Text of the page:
Has there been a bigger, more resounding creative flex in director Zoya Akhtar’s career than silencing her critics with her shortest film, featuring her quietest protagonist? Forever accused — unfairly — of telling stories about the one-percent, her 20-minute short in the Netflix anthology Lust Stories focused on a house-help entangled in a taboo sexual relationship with her employer. It’s set entirely inside a middle-class apartment, treats supporting characters like background noise, and essentially grabs prejudiced audiences by the scruff of their neck and demands that they pay attention to a person who has been so dehumanised by society that simply expressing basic human feelings feels like an act of rebellion for her.

Starring Bhumi Pednekar in her finest form, the short film set the tone for Akhtar’s immediate future as a filmmaker, which would be dominated by films (and a show) that examined our nation’s vast inequalities. She followed it up with Gully Boy, another short in the anthology film Ghost Stories, and the Prime Video series Made in Heaven.

But there’s something about the quiet power of her Lust Stories short, which I’m sure has a title that hasn’t been revealed to us, that stands apart from the rest — even if its protagonist is the kind of person you wouldn’t pay attention to if they were to walk by you on the street. And a large reason behind its success is Pednekar’s pitch-perfect performance as Sudha, the house help.

She speaks less than 10 words in the entirety of the film, but conveys more than what lesser actors would have been able to do with pages of dialogue at their disposal. There is a tendency for performers — especially when they’re playing characters who don’t have words to rely on — to overdo it with their faces. Notice reaction shots in even the best Hindi films. Everybody needs to take it down a notch. But Pednekar’s performance is so subtle that if you were to look away for even a second, there is a chance that you might miss a near-indiscernible twitch of the lip, or how Sudha averts her eyes — almost as if to protect herself from the truth that is knocking at her door.

Centred around a ‘rishta’ meeting for her lover Ajit’s potential wedding, Akhtar’s Lust Stories short is essentially a day in the life of Sudha. We’re thrown head-first into the action — no pun intended — and wordlessly introduced to Sudha and Ajit’s ongoing relationship. Observe the saucy smile on her face as she chucks a towel at him as he’s cleaning up, and then compare it to the wry smirk that Pednekar flashes as she leaves Ajit’s house, having just learned that their ill-defined arrangement will probably have to stop. This isn’t merely a ‘raat gayi baat gayi’ situation for Sudha. And that is where the tragedy of her story lies. She almost definitely had feelings for Ajit, even if he was only using her.

Lust Stories, as a whole, also has great value as a cultural object. It was released in June 2018, and almost pre-empted the #MeToo movement in India, with its strong commentary on power dynamics and abusive workplace relationships. It’s also a reminder of a time in the entertainment industry that we can all safely say has passed; a time when streamers were actually putting together interesting (and often risky) projects, and not simply populating keywords on their internal search engines. Lust Stories came just a year after back-to-back Netflix India debuts Sacred Games and Ghoul, and just a few months after Love Per Square Foot, ostensibly the first Netflix India original film.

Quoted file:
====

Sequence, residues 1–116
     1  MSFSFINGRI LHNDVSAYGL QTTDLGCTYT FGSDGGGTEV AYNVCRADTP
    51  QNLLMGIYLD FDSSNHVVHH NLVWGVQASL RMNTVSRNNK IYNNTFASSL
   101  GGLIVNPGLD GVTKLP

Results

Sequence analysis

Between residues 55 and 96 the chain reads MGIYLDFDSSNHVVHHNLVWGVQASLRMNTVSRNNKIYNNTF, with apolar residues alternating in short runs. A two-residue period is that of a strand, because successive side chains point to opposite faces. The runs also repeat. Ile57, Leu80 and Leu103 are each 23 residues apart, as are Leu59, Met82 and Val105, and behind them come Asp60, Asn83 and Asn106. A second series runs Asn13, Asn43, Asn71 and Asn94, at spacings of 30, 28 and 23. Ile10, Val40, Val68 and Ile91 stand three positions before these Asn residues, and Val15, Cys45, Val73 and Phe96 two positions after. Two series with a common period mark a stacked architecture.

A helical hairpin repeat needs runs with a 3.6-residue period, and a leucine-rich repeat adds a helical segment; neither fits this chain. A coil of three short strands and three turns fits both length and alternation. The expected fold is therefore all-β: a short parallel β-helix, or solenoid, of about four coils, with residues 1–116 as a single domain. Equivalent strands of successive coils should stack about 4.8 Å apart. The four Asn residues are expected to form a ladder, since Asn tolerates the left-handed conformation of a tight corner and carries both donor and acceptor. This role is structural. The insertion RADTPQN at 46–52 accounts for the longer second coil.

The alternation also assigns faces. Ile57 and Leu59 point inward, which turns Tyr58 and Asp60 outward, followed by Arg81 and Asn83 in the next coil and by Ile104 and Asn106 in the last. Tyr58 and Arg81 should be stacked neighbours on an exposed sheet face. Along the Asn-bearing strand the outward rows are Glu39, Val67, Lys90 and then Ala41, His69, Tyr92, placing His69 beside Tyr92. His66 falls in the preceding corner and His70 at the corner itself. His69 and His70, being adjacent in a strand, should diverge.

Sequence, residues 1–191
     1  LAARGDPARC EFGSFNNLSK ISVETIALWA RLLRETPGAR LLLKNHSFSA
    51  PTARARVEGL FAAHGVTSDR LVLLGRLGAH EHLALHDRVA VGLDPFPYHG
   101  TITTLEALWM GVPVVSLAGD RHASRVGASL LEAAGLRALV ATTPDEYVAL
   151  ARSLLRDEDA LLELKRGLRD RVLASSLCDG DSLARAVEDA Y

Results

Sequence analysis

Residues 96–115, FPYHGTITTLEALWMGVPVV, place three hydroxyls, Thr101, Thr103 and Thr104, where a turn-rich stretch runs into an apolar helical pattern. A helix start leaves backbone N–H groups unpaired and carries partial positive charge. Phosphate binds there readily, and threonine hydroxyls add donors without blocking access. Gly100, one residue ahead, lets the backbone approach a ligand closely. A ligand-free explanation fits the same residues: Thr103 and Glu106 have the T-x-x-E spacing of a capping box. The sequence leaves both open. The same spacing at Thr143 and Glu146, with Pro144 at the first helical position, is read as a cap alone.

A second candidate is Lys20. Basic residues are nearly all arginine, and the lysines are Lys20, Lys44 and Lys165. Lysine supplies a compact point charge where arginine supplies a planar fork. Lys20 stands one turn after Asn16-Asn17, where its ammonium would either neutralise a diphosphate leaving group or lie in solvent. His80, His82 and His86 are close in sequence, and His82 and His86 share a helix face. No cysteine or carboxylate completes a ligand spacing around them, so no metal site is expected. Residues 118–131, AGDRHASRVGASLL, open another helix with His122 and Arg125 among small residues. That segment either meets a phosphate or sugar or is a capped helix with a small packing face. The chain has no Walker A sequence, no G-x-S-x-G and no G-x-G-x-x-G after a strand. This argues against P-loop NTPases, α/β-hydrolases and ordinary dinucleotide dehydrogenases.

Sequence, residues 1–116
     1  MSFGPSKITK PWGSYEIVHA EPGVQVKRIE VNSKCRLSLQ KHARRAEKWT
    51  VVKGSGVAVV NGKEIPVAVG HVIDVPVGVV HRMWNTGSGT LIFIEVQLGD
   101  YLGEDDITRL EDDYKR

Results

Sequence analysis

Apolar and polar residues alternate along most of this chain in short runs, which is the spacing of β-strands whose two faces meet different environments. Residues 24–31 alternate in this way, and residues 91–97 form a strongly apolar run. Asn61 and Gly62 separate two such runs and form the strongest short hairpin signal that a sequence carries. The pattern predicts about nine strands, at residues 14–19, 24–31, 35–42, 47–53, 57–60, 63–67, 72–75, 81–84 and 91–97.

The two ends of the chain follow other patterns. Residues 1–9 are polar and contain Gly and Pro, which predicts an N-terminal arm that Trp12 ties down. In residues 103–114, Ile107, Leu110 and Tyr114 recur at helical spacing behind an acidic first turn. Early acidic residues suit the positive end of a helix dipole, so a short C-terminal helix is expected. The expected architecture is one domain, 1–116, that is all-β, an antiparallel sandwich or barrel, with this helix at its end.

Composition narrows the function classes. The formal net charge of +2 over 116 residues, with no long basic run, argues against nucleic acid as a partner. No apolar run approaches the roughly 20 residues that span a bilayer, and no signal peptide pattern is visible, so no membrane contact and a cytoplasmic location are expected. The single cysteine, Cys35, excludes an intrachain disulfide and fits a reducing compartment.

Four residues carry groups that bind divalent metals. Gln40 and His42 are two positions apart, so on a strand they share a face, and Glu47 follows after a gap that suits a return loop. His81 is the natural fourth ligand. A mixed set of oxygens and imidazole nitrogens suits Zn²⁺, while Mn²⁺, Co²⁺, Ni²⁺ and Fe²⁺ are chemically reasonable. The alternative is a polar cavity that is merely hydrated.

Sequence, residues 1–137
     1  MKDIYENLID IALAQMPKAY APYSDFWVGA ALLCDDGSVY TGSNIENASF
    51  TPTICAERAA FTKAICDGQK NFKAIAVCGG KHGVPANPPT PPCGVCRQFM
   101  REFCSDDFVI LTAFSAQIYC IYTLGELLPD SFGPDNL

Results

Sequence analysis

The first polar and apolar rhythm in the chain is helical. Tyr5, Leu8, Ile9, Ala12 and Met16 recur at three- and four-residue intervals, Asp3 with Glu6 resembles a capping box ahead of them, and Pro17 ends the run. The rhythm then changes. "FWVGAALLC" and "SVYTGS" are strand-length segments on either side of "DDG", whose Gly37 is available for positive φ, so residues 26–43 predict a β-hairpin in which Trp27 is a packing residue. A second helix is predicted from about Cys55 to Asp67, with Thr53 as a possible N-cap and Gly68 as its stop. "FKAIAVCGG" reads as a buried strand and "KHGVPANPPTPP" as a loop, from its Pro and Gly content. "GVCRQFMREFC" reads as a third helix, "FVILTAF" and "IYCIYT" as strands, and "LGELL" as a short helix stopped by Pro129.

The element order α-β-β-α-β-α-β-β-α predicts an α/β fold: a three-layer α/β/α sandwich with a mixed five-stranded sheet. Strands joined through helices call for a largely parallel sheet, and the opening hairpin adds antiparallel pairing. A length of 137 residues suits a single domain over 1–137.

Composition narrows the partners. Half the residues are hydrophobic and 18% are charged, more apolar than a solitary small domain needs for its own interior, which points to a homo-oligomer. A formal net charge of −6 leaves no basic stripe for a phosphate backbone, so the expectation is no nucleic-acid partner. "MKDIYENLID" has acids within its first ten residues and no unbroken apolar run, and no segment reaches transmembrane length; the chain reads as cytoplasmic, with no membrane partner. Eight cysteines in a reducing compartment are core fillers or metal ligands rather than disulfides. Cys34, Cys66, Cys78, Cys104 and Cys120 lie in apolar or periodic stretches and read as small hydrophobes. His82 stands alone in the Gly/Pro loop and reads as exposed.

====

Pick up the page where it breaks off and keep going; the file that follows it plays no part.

Over the years, the streaming landscape hasn’t so much evolved as it has been eradicated. Every platform is guilty of contributing to this collective homogenisation — except, perhaps, SonyLIV, but I can sense trouble on the horizon even there. The trouble — and this is pure speculation — is that while Netflix attracted top-tier Indian creatives, it settled, more often than not, for the forgotten leftovers that it was presented by them.

But unlike Sudha in Lust Stories, who is told to pack a box of leftover ‘mithai’ for herself after Ajit’s ‘rishta’ is arranged, the executives at Netflix had the option to say no. Sudha — and this is the point of the film — is someone who doesn’t have agency. She cannot say anything as she witnesses, firsthand, utter humiliation at the hands of Ajit and his folks. She cannot say anything to his future wife, whom she sees flirting with him on the same bed that they were rolling around in just a couple of hours earlier. She cannot say anything because she’s been silenced through years of social conditioning, and being told that she is the lesser being. In every relationship in her life, she is the lesser being.

In Lust Stories, this has a deeper meaning than usual, because Sudha isn’t merely a woman; she is a woman of a different caste and of a different socio-economic class than Ajit. These cultural nuances might be lost on foreign audiences, but in India, metaphorical barriers such as this might as well function as invisible, impenetrable 10-foot walls between two people. Ajit isn’t a romantic partner; he isn’t even a symbol of aspiration. He is the forbidden fruit. And Pednekar is able to tap into not just the yearning that Sudha feels, but also her desires. It remains her finest performance.

Post Credits Scene is a column in which we dissect new releases every week, with particular focus on context, craft, and characters. Because there’s always something to fixate about once the dust has settled.

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